Every few months over the past years, the telephone at the Western Producer’s Ottawa office would ring and a familiar voice would boom out.
“Wilson, this is Gene Whelan.”
Yes, I know, Gene. I would recognize that voice in a room of 1,000.
But it wasn’t just the voice that made Whelan’s communications so distinctive. It was also his use of language.
Whelan was so well known for mangling the language that among bureaucrats and journalists, it was called Whelanese.
There were mispronunciations, dropped vowels and unknown words. Sometimes “scared” became “skeert.”
A favourite recollection is the day the minister came face to face with some emerging scientific jargon.
It was at a science-research conference in early-1980s Ottawa and Whelan was the luncheon speaker.
Although he usually spoke off the cuff, this day it was a detailed talk about scientific breakthroughs on the horizon, in part because of Agriculture Canada investment in research.
So Whelan had a text. He wasn’t a good reader but he plowed through it.
He was doing fine until he got to a sentence about the emerging frontier of recombinant DNA research.
He tried the word several times — recombatant, recombint, recom … His voice trailed off.
Whelan lowered his reading glasses to the end of his nose, glared down at a gaggle of Agriculture Canada and minister’s office staff sitting in the front row and growled: “Who in hell put that word in my speech?”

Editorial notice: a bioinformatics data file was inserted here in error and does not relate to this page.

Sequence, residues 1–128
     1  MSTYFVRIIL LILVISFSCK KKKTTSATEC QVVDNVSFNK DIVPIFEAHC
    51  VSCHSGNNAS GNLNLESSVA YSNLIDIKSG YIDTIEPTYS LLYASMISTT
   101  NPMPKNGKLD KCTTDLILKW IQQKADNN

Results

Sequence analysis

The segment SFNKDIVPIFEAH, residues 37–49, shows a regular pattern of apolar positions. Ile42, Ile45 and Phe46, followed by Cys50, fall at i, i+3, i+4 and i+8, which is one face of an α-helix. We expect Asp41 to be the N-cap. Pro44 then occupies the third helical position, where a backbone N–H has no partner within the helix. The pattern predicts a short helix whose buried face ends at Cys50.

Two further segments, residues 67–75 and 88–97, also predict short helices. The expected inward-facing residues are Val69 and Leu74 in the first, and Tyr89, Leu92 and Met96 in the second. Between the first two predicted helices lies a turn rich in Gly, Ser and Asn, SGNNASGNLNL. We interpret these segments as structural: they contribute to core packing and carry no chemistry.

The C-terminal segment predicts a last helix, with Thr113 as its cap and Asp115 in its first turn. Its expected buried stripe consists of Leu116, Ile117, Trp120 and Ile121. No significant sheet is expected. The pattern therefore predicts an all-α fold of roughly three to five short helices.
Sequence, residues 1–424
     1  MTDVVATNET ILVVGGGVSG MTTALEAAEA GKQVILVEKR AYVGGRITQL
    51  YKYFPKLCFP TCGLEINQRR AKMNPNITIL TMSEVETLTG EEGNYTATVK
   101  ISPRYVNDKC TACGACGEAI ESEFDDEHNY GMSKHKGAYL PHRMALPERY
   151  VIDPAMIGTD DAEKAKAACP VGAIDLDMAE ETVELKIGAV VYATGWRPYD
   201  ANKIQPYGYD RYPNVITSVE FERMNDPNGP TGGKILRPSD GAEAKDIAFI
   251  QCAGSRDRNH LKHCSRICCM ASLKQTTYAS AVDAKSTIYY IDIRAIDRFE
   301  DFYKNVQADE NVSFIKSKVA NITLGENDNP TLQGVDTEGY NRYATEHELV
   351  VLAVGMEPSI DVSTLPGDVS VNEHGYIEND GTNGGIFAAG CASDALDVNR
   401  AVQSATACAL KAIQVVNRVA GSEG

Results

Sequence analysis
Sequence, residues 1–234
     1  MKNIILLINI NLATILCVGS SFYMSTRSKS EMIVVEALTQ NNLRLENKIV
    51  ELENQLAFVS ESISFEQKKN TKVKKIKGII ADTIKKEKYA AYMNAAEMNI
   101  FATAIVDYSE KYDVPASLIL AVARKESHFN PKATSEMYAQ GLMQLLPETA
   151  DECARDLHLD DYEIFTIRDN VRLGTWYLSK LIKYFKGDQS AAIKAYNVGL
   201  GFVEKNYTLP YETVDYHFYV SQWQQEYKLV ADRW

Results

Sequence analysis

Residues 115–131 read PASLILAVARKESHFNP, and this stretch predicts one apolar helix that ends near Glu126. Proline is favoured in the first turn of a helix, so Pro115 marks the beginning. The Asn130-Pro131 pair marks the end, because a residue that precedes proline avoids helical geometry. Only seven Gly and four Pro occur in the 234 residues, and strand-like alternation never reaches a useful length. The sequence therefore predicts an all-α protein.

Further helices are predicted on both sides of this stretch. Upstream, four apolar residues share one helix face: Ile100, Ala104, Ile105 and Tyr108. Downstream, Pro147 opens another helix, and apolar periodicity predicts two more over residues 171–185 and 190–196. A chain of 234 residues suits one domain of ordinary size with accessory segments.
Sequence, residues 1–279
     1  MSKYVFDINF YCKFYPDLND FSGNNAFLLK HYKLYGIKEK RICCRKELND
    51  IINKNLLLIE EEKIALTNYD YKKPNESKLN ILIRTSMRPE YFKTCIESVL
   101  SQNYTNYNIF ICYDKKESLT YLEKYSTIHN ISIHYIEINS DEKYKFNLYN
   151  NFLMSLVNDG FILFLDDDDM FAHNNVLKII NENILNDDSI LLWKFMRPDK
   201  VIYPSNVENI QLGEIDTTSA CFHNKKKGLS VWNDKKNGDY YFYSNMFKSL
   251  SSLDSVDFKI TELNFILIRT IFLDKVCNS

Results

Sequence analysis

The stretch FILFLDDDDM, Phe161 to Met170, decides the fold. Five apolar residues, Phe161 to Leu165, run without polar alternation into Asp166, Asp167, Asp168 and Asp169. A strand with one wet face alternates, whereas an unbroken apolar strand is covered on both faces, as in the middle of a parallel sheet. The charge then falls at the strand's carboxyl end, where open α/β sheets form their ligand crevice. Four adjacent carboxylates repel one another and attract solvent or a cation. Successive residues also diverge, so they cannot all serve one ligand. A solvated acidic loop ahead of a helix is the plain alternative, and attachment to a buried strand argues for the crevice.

The audience laughed and Whelan moved on. Somewhere in those seats, a speechwriter tried to look invisible.
Some politicians do the folksy language things for effect — drop
“‘g”s in words like “going” and sprinkle the odd “ain’t” into a speech to sound like the common folk.
But Whelanese was genuine. He was a rural farm kid with limited education (although he did collect an honourary doctorate from the University of Windsor) whose dad died when he was young and who came of age in the Depression.
This is how he learned to speak in Essex County in southwestern Ontario.
Yet instead of it being a political embarrassment or handicap, it was an asset that sealed Whelan’s reputation as a folksy agriculture minister and man of the farmers.
But anyone who thought that the mangled English signalled a simple bumpkin quickly discovered they were dealing with a smart and shrewd operator with great political instincts and a way to make complex issues sound simple.
During the constitutional wars of the early 1980s, the cerebral Pierre Trudeau tapped Whelan to be one of his missionaries selling the proposed constitutional changes to the public across the country, particularly in Western Canada.
Trudeau knew a good communicator when he saw one, even if he sometimes butchered the language.